My feeling is that it must have something to do with the value we attach to the context. I think the current objection is that the context of social interactions in MMORPGs is a game. But increasingly, we're seeing commerce, user creativity, and education trickle into and out of the MMO gamespace.

When VW spaces and avatars are perceived as being culturally productive in ways that matter to those who are not participating in them (like the Internet matters today to society), I think that's when we'll start calling the structures we see in VW societies "civic."

5.

Great find, Greg. I spent some time with this, and some reactions -

Life is full of strange coincidences. In my first academic appointment, it was a department where people talked about this stuff a lot. If you'd told me then that everything being talked about there would reappear a decade later in a discussion about videogames, and that I'd actually be involved in it, I'd never have believed it.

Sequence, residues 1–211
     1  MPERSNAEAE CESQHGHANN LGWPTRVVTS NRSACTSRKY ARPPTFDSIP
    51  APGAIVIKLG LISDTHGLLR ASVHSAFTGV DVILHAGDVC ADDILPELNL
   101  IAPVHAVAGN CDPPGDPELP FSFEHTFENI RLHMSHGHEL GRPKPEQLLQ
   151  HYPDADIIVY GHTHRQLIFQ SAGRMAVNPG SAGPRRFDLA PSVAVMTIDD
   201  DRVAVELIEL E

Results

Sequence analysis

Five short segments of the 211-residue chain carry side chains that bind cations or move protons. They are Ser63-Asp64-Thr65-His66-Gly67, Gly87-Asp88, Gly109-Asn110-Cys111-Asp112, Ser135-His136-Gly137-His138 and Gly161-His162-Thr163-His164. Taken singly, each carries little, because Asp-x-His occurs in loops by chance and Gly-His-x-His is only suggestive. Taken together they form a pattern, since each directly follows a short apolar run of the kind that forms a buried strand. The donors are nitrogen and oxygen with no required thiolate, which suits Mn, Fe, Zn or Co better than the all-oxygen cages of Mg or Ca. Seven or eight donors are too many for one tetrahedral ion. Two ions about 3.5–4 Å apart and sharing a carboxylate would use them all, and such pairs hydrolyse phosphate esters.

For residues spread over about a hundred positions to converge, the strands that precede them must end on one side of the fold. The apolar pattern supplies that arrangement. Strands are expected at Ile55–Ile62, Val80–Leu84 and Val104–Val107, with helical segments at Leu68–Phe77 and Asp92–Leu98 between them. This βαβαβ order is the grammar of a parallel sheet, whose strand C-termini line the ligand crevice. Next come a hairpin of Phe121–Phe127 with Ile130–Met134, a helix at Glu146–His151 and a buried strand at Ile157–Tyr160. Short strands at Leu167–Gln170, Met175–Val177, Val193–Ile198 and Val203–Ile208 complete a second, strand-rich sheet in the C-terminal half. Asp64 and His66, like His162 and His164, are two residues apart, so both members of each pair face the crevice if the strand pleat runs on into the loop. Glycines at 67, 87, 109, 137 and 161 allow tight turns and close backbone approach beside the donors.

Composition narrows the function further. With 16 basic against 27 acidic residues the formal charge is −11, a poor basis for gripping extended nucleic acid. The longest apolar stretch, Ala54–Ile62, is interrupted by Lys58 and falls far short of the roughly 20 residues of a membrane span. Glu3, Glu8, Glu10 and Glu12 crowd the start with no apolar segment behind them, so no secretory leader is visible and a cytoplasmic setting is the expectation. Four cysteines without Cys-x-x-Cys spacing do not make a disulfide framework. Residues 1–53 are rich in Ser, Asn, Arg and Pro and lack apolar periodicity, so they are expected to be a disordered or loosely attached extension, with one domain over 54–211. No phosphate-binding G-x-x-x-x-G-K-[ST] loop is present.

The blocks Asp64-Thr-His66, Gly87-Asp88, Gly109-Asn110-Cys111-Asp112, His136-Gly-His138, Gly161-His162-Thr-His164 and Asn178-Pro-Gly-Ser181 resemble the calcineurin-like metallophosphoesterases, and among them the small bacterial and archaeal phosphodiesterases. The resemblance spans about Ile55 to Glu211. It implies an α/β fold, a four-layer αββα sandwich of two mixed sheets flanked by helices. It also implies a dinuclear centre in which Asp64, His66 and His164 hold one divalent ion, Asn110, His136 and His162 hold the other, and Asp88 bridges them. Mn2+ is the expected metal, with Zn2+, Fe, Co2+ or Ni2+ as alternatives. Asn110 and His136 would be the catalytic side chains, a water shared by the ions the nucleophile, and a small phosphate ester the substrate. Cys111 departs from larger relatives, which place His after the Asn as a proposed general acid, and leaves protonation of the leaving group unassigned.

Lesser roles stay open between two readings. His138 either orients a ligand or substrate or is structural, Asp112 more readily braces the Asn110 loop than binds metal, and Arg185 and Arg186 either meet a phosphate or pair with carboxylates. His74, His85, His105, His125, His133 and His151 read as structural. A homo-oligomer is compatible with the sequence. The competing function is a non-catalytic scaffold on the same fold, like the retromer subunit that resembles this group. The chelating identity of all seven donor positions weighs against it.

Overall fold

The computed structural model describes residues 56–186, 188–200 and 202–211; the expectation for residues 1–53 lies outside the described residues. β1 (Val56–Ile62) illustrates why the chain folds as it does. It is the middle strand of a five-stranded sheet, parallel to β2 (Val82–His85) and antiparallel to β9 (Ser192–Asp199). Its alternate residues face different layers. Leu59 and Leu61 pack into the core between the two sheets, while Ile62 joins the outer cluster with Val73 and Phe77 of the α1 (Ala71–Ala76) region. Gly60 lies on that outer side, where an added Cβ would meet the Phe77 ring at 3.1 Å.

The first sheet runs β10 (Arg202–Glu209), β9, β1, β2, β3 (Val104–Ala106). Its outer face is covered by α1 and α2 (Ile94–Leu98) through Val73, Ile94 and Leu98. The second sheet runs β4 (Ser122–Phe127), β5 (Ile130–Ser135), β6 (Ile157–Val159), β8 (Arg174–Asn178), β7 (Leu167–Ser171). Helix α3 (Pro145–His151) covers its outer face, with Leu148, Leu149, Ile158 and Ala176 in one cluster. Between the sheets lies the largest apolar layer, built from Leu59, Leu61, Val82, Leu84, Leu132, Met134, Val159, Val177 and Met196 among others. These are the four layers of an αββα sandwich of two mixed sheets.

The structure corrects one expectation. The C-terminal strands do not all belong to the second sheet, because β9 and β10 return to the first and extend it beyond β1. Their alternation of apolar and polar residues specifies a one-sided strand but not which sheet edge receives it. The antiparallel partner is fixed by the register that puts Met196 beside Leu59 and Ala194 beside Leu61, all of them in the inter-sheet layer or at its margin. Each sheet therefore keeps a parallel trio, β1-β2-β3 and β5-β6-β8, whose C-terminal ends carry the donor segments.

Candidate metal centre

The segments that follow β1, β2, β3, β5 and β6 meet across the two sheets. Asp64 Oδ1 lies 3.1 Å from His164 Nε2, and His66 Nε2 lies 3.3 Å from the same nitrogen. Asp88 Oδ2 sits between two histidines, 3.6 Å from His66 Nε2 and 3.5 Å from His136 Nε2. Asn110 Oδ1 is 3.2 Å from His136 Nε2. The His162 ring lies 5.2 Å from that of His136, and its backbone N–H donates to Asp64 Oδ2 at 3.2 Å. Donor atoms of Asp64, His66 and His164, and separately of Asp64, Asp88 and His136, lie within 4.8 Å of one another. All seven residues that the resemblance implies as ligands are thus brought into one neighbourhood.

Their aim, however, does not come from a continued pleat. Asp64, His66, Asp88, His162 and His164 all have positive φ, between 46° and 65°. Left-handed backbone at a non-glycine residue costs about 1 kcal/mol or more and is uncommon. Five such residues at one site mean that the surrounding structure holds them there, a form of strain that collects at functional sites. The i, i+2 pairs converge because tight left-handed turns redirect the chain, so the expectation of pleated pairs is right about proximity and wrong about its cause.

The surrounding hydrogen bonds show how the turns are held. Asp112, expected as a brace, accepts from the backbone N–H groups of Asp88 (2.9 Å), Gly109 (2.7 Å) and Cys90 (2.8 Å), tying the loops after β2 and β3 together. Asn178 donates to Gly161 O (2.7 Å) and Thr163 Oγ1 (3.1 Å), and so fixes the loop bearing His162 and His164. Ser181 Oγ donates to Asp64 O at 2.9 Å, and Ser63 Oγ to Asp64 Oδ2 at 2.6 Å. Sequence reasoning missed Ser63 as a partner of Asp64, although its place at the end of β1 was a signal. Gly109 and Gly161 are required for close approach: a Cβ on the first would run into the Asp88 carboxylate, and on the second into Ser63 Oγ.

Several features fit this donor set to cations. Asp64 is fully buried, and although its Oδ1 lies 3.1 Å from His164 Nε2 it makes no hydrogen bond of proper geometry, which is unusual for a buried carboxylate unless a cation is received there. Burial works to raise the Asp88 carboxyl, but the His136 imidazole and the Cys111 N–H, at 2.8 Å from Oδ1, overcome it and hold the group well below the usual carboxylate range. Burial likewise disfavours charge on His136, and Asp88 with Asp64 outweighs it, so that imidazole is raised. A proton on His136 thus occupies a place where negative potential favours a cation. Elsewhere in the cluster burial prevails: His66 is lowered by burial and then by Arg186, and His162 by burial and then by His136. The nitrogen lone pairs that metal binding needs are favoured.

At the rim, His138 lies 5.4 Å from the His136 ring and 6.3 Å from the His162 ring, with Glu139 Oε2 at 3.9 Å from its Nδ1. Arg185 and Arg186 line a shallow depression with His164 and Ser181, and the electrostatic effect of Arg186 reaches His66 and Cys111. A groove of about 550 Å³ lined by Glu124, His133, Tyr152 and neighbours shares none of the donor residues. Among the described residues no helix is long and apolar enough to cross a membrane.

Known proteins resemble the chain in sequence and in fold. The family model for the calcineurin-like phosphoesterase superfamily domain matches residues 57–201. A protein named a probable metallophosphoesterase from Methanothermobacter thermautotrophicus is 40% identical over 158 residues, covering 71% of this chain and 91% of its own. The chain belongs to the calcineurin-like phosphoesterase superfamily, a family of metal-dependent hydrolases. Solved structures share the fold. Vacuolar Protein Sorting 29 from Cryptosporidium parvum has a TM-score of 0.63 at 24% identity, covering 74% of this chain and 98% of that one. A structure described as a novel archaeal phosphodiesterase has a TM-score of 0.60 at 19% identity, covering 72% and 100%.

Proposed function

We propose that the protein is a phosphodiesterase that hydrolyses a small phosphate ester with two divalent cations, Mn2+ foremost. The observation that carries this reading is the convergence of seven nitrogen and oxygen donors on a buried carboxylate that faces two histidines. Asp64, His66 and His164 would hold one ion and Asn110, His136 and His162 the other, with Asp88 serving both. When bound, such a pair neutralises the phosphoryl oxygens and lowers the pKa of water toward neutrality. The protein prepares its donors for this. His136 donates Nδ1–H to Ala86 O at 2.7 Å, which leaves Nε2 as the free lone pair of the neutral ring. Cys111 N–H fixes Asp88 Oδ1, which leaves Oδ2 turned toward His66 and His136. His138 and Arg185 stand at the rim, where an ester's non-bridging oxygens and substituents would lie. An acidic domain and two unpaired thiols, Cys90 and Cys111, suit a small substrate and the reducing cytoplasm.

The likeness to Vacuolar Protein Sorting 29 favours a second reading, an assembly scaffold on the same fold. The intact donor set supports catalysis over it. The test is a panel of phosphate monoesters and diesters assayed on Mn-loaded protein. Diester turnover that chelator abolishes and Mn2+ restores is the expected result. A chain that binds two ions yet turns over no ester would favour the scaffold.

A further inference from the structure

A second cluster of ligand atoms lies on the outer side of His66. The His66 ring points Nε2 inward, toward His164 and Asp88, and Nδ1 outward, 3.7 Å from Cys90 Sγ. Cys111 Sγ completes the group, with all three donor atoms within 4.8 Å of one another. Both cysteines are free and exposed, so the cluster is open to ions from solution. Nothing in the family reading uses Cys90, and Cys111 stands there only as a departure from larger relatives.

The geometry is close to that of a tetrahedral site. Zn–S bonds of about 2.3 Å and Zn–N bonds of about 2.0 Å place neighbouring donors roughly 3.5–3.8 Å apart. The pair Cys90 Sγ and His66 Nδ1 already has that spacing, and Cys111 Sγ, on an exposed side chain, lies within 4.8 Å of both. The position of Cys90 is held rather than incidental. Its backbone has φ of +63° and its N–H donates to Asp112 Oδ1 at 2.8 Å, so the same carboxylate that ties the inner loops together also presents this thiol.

Well such is the state of affairs, and here we are: What's the connection between MMORPGs and Rawls/Hobbes/Hayek etc?

First, everyone should be aware that the analytical lens taken by Borders and Bryan is a contested one within political theory. Not all political theorists would agree that the new societies in cyberspace are somehow naturally amenable to a contractarian political economy. People are people, whether in cyberspace or not. Since less than a majority of political theorists feel that contractarian theories really elucidate ordinary societies, we shouldn't automatically go along with the authors' application of these contested ideas to MMORPGs.

The very idea of individual rationality as a primary behavioral category has never been fully accepted, and is under assault from places that used to be indifferent to it (neuroscience, for example).

So, while I love the fact that Borders and Bryan argue that political analytics do apply in VWs, it bugs me that they chose one particular analytical method to apply, indeed one that I'm having more problems with as the years go by.